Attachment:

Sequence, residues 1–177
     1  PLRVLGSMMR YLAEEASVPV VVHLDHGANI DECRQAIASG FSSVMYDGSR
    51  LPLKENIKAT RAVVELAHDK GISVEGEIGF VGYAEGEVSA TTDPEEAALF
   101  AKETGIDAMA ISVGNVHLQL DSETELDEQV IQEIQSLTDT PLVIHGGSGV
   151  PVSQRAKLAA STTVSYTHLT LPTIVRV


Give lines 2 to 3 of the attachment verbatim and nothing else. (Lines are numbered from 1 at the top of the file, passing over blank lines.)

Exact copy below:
     1  PLRVLGSMMR YLAEEASVPV VVHLDHGANI DECRQAIASG FSSVMYDGSR
    51  LPLKENIKAT RAVVELAHDK GISVEGEIGF VGYAEGEVSA TTDPEEAALF